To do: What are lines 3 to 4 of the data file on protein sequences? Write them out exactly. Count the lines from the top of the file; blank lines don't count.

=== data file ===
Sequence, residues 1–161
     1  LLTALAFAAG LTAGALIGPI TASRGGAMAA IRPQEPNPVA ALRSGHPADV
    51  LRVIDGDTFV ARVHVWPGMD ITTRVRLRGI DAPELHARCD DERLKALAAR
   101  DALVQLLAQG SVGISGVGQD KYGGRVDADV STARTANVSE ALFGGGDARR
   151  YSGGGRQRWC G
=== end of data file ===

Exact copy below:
    51  LRVIDGDTFV ARVHVWPGMD ITTRVRLRGI DAPELHARCD DERLKALAAR
   101  DALVQLLAQG SVGISGVGQD KYGGRVDADV STARTANVSE ALFGGGDARR